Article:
While the indifferent attitude of the government caused international relationships to somewhat suffer, it would have caused too great an upheaval in Jamaican society to defend the positions of international human rights groups, due to government respect of the deep embedment of conservative Jamaican moral values.
Despite the presence of the Jamaican moral code, caustic reference to homosexuality in dancehall lyrics is not deeply rooted in the history of the music.
Side-by-side comparisons of artist lyrics pre- and post-2009 clearly show the continued presence of vulgarities, but in more cerebral or endearingly profane forms.
 Violent and aggressive sentiments still exist but popular artists are paying homage to their lyrical forefathers through political commentary in addition to the unscrupulous materials that initially merited the ban.
They were kept off the radar of the older, more traditional generation, and out of the reach of the impressionable youth.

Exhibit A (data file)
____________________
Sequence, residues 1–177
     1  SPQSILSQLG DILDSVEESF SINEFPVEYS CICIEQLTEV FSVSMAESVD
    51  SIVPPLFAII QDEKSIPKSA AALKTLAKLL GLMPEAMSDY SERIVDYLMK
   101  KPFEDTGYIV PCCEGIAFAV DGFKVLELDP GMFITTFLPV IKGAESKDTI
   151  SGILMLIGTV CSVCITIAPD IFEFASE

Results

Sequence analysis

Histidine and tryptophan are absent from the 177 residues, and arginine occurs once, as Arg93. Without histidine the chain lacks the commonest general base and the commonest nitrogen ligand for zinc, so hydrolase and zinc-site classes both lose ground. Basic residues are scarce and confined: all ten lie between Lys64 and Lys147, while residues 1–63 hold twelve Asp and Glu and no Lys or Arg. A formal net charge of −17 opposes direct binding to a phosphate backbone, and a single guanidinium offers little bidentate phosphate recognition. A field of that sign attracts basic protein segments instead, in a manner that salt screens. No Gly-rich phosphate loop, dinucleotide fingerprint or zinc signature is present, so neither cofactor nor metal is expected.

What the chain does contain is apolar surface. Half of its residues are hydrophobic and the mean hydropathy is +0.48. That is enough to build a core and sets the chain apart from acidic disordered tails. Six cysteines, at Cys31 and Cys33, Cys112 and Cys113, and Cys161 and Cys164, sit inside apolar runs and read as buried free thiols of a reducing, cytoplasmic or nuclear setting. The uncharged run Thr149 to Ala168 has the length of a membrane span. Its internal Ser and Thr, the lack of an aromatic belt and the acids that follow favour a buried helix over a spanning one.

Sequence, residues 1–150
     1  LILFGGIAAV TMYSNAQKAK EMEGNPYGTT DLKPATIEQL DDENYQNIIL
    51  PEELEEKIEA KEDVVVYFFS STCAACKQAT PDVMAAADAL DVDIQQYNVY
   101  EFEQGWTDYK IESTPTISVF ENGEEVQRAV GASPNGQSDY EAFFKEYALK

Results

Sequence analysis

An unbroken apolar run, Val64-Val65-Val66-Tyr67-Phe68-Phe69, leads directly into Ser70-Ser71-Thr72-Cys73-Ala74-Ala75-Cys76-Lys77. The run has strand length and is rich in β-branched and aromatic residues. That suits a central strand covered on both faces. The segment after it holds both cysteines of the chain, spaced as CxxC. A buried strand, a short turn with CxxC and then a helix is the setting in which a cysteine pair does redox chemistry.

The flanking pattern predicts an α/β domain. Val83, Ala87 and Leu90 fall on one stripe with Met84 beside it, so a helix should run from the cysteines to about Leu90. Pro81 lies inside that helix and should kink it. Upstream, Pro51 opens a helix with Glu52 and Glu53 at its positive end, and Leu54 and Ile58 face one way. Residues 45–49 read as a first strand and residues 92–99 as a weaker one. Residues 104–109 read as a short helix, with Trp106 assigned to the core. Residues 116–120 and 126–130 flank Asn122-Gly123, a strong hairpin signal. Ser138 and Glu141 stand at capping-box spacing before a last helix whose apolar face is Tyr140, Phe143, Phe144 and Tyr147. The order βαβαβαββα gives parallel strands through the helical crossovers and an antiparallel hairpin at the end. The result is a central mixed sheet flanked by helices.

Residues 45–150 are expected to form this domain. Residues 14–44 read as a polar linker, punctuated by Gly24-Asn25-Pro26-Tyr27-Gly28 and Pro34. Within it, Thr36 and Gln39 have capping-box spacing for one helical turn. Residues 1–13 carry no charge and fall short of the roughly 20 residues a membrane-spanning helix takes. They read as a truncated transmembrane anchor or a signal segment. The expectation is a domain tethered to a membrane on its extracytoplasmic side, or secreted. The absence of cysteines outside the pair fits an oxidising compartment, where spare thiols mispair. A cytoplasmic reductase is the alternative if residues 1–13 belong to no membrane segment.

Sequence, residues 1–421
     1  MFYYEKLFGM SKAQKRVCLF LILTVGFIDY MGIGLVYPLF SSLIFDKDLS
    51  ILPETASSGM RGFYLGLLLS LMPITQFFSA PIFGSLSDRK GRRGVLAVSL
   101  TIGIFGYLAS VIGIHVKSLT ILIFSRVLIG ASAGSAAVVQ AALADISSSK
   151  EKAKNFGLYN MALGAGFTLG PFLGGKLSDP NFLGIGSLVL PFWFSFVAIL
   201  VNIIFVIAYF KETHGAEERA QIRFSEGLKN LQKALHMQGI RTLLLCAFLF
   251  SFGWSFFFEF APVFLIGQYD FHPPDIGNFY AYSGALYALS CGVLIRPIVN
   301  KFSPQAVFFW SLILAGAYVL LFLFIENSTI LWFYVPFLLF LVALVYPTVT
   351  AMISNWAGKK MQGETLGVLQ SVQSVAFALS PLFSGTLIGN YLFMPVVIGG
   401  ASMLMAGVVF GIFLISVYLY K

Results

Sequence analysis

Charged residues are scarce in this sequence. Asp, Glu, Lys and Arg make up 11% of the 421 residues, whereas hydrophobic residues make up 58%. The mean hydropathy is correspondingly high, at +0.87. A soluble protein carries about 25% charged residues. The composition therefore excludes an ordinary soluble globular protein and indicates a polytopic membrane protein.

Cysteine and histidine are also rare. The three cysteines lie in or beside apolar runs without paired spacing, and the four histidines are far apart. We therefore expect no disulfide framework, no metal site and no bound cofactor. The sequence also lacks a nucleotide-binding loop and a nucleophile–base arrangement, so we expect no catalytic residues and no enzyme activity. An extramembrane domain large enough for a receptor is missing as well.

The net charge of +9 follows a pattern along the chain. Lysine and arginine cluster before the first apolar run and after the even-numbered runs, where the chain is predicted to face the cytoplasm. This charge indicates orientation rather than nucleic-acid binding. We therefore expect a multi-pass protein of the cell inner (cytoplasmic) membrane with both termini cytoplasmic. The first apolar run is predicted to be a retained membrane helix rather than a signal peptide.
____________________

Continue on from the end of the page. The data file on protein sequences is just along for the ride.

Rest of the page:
As a result of internet downloading, smart phones and the utilization of car stereos, in 2008 everyone on the island was bombarded by the titillating “Ramping Shop”.Introduction Boasting its fiftieth year of independence, the Greater Antillean isle of Jamaica touts a large and progressive musical catalog that makes the industry one of the country’s most internationally known exports.Indigenous to Jamaica, reggae is a calming music that inspires tranquility and feelings of adoration.While the Broadcasting Commission has not furthered the ban, it claims to be constantly watching the dancehall environment should the need arise for it to interject itself into the recording booth in the future.  With one of the liberated presses in the world, especially with consideration of regional neighbors, further censors on music seem counterproductive to social growth in Jamaica.  “Cordel Green Speaks on the Issue of Payola.” [6/27/2011]. More creativity has emerged on the music scene and instances of daggering no longer burden songs.The newer face of dancehall is still not as defined as many wish for it to be— sexually explicit lyrics, while rightfully removed from the airwaves, still manage to find a continued presence off of radio and television frequencies. Amidst this turmoil, the Jamaican government missed an important opportunity to decry lyrical advocacy of violence against homosexuals, furthering confrontations with the international community.The 2009 Censorship Directives Frequently ignored by non-enthusiasts, at its core dancehall shares characteristics with its more illustrious, ubiquitous musical predecessor, reggae.In fact, the government stood against the international community by neglecting to attempt its regulation, including the removal of homophobic lyrics, due to its the acceptance of within the general Jamaican population.While the dissemination of abusive lyrics was tepidly condemned by the 1996 “Television and Broadcasting Commission Regulations,” of the Broadcasting Commission of Jamaica (BCJ), homophobic content was inadvertently condoned by section 30(a) of the regulations which states that, “No licensee shall permit to be transmitted [for] any matter in contravention of the Laws of Jamaica”.